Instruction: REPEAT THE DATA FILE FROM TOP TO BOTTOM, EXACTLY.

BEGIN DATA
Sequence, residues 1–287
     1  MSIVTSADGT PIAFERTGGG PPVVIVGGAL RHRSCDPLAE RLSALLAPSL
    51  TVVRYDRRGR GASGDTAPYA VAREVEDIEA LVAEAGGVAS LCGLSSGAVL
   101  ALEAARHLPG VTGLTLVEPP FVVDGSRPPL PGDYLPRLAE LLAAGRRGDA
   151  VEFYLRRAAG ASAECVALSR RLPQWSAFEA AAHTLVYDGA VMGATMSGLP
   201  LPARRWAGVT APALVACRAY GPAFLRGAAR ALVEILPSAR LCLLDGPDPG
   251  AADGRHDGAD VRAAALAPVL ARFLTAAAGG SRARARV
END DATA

Sequence, residues 1–287
     1  MSIVTSADGT PIAFERTGGG PPVVIVGGAL RHRSCDPLAE RLSALLAPSL
    51  TVVRYDRRGR GASGDTAPYA VAREVEDIEA LVAEAGGVAS LCGLSSGAVL
   101  ALEAARHLPG VTGLTLVEPP FVVDGSRPPL PGDYLPRLAE LLAAGRRGDA
   151  VEFYLRRAAG ASAECVALSR RLPQWSAFEA AAHTLVYDGA VMGATMSGLP
   201  LPARRWAGVT APALVACRAY GPAFLRGAAR ALVEILPSAR LCLLDGPDPG
   251  AADGRHDGAD VRAAALAPVL ARFLTAAAGG SRARARV